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The roll-out of a health insurance program and its impact on the supply of healthcare services: a new method to evaluate time-varying continuous interventions

International Journal for Equity in Health. 2018;17(1):1-20 DOI 10.1186/s12939-018-0874-1

 

Journal Homepage

Journal Title: International Journal for Equity in Health

ISSN: 1475-9276 (Online)

Publisher: BMC

Society/Institution: WONCA Health Special Interest Group: Health Equity

LCC Subject Category: Medicine: Public aspects of medicine

Country of publisher: United Kingdom

Language of fulltext: English

Full-text formats available: PDF, HTML

 

AUTHORS


Curtis Huffman (Programa Universitario de Estudios del Desarrollo, Universidad Nacional Autónoma de México, National Autonomous University of Mexico, Development Studies Program)

Edwin van Gameren (Center for Economic Studies, El Colegio de México)

EDITORIAL INFORMATION

Blind peer review

Editorial Board

Instructions for authors

Time From Submission to Publication: 28 weeks

 

Abstract | Full Text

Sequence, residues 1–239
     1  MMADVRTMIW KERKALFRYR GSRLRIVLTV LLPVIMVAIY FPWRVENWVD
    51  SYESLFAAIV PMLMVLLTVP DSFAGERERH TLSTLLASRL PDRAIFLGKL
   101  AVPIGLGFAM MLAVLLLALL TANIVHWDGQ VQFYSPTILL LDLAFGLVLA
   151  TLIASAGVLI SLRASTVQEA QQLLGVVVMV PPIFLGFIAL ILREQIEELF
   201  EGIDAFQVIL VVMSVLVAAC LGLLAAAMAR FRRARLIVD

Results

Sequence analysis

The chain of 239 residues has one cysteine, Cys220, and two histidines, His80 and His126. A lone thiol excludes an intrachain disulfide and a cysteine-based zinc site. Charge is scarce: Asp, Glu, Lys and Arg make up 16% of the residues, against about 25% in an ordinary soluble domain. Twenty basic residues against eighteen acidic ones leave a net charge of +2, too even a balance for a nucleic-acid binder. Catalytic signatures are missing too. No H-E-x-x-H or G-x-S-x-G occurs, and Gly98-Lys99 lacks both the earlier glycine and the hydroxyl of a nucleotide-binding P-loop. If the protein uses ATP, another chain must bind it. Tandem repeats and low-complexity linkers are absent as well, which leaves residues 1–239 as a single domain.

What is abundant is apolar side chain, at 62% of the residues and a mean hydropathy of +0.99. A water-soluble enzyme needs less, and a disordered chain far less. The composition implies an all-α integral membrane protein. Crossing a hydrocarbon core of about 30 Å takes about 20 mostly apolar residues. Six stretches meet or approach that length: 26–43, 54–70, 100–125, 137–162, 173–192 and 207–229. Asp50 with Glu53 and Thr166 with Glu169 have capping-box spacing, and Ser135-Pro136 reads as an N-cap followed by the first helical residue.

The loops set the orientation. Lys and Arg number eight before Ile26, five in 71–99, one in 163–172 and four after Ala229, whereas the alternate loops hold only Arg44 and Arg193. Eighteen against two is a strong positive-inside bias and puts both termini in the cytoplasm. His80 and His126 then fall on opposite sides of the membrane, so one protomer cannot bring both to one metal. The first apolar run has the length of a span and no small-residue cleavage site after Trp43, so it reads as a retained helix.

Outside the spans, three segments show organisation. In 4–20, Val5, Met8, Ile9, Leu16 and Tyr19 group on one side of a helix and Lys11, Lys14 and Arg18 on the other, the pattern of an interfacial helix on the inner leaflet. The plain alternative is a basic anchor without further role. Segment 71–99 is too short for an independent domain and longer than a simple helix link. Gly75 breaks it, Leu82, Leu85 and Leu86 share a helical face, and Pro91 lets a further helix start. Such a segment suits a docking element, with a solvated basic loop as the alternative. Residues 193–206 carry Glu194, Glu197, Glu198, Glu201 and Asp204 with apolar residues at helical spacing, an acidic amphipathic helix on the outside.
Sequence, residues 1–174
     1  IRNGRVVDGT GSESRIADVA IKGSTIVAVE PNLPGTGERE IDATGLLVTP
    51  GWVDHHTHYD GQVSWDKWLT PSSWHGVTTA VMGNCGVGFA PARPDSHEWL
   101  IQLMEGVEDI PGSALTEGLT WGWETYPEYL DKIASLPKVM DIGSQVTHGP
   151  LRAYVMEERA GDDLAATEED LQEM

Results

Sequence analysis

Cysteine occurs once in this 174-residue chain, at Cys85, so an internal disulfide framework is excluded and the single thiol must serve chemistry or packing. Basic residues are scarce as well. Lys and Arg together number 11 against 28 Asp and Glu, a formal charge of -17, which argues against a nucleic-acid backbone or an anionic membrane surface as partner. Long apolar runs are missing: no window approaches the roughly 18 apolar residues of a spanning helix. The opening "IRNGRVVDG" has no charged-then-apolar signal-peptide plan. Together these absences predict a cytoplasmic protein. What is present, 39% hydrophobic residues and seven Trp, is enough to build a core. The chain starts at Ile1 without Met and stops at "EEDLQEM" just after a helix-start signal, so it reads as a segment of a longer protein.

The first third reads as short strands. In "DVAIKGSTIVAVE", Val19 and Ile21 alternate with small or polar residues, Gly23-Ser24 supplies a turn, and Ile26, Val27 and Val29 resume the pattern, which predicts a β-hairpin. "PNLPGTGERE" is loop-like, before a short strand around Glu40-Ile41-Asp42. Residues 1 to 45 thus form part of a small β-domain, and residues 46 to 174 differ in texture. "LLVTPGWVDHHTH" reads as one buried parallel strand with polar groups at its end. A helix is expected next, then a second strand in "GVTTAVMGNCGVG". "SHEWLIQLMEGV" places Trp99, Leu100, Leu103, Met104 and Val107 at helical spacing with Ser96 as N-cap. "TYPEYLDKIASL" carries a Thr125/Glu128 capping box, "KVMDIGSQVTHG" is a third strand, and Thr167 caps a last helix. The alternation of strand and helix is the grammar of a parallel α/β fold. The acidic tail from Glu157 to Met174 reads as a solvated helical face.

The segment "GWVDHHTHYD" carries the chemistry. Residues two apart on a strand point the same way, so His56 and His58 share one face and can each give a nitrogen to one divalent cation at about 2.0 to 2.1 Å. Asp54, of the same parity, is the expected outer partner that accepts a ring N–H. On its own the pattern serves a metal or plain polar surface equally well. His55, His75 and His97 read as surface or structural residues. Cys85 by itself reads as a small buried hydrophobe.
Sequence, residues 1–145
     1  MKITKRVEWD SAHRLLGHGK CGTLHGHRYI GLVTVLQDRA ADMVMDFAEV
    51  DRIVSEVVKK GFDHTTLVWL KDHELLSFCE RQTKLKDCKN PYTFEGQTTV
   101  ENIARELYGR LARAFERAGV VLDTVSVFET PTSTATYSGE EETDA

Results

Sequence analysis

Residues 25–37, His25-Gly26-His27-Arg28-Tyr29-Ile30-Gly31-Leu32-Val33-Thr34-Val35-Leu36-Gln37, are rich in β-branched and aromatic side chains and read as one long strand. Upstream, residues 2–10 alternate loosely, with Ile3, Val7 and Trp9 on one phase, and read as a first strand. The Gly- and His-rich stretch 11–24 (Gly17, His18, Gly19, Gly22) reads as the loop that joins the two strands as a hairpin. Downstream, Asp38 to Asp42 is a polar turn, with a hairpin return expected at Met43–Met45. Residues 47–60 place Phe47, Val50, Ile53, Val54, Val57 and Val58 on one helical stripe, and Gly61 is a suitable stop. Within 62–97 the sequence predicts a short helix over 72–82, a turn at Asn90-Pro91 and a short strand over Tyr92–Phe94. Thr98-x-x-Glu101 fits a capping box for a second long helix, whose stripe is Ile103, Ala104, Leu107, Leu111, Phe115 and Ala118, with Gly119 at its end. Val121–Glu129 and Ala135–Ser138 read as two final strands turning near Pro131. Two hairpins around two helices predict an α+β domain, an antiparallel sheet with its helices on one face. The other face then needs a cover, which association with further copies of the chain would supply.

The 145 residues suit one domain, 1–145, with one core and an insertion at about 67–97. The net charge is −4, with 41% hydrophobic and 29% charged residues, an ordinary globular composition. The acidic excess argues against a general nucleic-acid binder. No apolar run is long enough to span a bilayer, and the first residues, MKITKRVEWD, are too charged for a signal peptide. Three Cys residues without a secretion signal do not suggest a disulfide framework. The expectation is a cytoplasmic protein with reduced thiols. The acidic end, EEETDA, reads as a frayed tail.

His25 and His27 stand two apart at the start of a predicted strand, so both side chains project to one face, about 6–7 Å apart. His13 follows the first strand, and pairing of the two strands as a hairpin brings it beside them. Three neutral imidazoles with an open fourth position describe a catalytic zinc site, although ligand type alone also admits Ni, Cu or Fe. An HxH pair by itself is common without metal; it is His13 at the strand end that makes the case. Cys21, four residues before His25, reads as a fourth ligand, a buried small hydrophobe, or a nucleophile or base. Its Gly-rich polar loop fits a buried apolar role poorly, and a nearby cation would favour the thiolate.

Abstract Background We analyze the effects of the Mexican universal health insurance program, Seguro Popular, on key variables associated with the provision of healthcare services. Given that the program was introduced gradually over a period that lasted more than a decade, the dynamics of the roll-out of the program and its reaction to the expansion of healthcare services it caused should be accounted for when evaluating the program. Methods We present a new semiparametric procedure to analyze time-varying continuous interventions. This is accomplished by bringing together the literatures on continuous and on dynamic treatments. Our approach allows the researcher to estimate mean and quantile dose-response functions by applying local regression methods to appropriately weighted samples that control for time-dependent confounding. Results Using administrative data, we show compelling evidence that Seguro Popular has incremented the human and physical resources available for healthcare services over the period 2001–2013. Moreover, we show that these effects have been heterogeneously distributed. Conclusions The program has proven most helpful in less vulnerable territories, leaving behind those in greater need.